Contribution of the course to the overall degree programme goals
This course offers a survey of the history of Renaissance philosophy, covering the major figures in the history of Western thought in the 15th and 16th centuries, within the broadest discipline of the history of philosophy. The course will be a review of the philosophical developments in the Renaissance, the Reformation, and the Scientific Revolution which set the stage for the appearance of the modern world view. The course will pay particular attention in reviewing this history of thought to problems in metaphysics, epistemology, ethics and political philosophy. At the end of the course it will be considered how this history of thought shaped the development of subsequent philosophy.
The course aims to provide a good understanding of key problems and ideas which shaped Renaissance philosophy. At the end of the course the students should have a good understanding of the difference between the traditions of Platonism, Aristotelianism, Scholasticism, Stoicism, and Epicureanism that divided Western thought during this period, as well as some understanding of how this difference has continued to shape the course of the development of philosophy. Considerable attention will also be given to understanding that intellectual, cultural movement known as the Italian Renaissance, a movement which came to a culmination in the philosophies of Giordano Bruno and Tommaso Campanella at the edge of early modern philosophy and which continues to shape, to some extent, the world today. In critically reviewing this history of thought the course also seeks to develop important critical thinking skills.
Expected learning outcomes
At the end of the course the students
1) should demonstrate knowledge and understanding in Renaissance philosophy that builds upon their education at BA level, and is typically at a level that includes some aspects that will be informed by knowledge of the forefront of the philosophical research;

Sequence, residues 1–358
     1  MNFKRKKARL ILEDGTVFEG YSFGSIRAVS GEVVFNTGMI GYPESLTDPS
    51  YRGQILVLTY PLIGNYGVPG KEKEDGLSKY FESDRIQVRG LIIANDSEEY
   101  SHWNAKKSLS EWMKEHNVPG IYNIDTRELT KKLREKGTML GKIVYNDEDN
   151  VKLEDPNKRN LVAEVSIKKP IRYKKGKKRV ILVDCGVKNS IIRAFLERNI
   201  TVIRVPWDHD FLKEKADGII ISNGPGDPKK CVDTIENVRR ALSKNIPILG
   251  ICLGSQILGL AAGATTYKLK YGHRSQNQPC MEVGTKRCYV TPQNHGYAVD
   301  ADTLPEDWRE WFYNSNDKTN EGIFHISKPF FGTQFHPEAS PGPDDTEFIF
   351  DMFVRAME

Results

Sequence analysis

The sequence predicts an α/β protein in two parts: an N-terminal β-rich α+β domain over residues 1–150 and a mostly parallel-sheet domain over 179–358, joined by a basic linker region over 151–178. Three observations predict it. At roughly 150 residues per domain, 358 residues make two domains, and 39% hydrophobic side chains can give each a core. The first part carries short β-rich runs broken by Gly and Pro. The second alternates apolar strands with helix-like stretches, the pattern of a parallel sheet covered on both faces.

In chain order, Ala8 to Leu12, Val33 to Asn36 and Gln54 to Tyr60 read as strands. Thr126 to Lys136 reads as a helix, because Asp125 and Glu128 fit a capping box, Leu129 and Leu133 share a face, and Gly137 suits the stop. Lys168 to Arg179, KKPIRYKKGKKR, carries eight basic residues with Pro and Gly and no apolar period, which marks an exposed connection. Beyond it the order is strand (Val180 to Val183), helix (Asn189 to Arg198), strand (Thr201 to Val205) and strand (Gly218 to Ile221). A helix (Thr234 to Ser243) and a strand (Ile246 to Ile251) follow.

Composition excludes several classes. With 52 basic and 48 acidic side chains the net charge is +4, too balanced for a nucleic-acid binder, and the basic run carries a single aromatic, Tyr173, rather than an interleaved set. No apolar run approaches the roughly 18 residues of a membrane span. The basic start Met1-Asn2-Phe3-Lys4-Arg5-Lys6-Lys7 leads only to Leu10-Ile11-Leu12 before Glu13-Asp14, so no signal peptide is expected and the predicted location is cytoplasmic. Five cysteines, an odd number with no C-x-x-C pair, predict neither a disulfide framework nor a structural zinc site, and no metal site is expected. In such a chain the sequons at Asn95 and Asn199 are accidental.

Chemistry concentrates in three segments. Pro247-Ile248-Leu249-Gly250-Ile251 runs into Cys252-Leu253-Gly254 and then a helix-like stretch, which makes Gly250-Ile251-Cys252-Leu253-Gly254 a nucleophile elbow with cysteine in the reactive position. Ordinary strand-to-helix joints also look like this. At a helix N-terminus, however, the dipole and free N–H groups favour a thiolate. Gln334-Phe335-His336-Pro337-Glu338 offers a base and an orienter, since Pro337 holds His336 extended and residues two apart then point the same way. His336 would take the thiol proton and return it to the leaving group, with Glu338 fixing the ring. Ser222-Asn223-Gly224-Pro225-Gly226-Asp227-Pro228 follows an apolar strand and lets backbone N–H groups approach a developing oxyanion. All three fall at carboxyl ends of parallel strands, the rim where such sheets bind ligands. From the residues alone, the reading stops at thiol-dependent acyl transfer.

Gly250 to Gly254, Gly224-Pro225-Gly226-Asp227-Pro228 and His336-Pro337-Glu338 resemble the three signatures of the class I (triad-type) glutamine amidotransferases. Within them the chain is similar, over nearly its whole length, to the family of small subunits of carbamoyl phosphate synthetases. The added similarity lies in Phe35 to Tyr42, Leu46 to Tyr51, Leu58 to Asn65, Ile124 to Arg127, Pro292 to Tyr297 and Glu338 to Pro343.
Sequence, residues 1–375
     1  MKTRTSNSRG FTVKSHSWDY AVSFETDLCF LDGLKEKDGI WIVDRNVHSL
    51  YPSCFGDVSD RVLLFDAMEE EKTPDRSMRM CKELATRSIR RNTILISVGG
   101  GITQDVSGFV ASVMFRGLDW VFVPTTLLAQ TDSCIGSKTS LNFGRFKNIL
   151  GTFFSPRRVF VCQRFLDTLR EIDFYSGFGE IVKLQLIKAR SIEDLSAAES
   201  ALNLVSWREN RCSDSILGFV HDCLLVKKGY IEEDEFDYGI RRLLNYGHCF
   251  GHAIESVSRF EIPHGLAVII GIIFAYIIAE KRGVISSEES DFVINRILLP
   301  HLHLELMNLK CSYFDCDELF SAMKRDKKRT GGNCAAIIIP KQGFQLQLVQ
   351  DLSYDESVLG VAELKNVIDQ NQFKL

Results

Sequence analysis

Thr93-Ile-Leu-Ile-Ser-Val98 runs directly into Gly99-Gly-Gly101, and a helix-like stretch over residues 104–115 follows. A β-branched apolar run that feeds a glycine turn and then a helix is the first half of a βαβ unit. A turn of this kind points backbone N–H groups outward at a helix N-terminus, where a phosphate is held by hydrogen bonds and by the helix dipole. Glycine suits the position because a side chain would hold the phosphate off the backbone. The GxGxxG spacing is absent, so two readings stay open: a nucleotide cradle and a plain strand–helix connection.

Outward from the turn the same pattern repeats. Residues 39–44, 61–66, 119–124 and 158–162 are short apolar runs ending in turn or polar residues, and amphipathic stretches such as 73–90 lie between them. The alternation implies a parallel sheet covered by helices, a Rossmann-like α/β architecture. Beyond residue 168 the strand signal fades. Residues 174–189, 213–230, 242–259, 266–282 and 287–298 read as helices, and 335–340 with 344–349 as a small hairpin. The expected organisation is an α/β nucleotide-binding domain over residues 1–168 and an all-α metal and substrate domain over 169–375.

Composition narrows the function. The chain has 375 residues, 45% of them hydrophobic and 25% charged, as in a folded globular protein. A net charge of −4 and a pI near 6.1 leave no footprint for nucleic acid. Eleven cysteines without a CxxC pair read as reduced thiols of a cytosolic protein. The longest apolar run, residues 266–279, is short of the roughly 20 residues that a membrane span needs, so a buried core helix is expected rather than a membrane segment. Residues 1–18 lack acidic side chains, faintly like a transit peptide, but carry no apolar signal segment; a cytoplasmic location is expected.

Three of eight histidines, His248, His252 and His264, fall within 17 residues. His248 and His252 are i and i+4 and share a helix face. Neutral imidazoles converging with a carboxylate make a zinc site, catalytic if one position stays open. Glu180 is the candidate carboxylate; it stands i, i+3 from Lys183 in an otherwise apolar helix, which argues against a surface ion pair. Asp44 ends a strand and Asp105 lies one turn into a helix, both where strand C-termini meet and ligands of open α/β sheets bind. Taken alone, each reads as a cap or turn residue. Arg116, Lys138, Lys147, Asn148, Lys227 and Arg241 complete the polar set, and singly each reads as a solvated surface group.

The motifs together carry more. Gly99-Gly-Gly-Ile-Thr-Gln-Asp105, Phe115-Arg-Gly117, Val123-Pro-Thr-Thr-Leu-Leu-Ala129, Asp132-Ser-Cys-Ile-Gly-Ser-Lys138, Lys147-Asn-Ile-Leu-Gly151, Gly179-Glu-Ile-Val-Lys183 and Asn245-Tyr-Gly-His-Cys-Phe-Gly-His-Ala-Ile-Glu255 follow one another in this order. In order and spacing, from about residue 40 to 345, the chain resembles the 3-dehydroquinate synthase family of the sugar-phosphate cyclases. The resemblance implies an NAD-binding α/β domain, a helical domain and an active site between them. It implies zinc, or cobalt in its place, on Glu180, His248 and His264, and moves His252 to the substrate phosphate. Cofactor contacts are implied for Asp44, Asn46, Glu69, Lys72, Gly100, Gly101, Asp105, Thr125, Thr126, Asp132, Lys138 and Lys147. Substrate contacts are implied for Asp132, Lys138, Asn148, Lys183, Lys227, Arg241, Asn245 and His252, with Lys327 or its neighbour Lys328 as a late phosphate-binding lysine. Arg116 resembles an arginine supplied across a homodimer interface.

2) could apply their knowledge and understanding in a manner that indicates a professional approach to their possible work or vocation, and have competences typically demonstrated through devising and sustaining arguments and solving philosophical problems;
3) should have the ability to gather and interpret relevant data of a historical text to inform judgements that include reflection on relevant social, scientific or ethical issues;
4) could communicate information, ideas, problems and solutions to both specialist and non-specialist audiences;
5) should have developed those learning skills that are necessary for them to continue to undertake more advanced courses or further study with a high degree of autonomy.
The readings, lectures, and assignments will be designed to
• introduce students to some of the central figures in early modern philosophy (Descartes through Kant) and the questions and arguments that preoccupied them;
• introduce students to philosophical methodology in the history of philosophy;
• foster critical engagement with the ideas and arguments discussed;
• increase competencies in reading and writing philosophical texts.
General knowledge of Plato and Aristotle is required.
The topic is the problem of the immortality of the soul in the Renaissance with a special focus on Pietro Pomponazzi's Treatise on the Immortality of the Soul.
Pietro Pomponazzi, Trattato sull'immortalità dell'anima, a cura di Vittoria Perrone Compagni (Firenze: Olschki, 1999)
Marco Sgarbi, Profumo d'immortalità. Controversie sull'anima nella filosofia volgare del Rinascimento (Roma: Carocci, 2016)
The oral exam, ca. 30 minutes, will be on 4/5 topics discussed in class.
Lectures and seminars with debates on the topics discussed in class.
Accessibility, Disability and Inclusion
Ca’ Foscari abides by Italian Law (Law 17/1999; Law 170/2010) regarding support services and accommodation available to students with disabilities. This includes students with mobility, visual, hearing and other disabilities (Law 17/1999), and specific learning impairments (Law 170/2010). If you have a disability or impairment that requires accommodations (i.e., alternate testing, readers, note takers or interpreters) please contact the Disability and Accessibility Offices in Student Services: firstname.lastname@example.org.
Type of exam
2030 Agenda for Sustainable Development Goals
This subject deals with topics related to the macro-area "Human capital, health, education" and contributes to the achievement of one or more goals of U. N. Agenda for Sustainable Development
Last update of the programme: 21/04/2018
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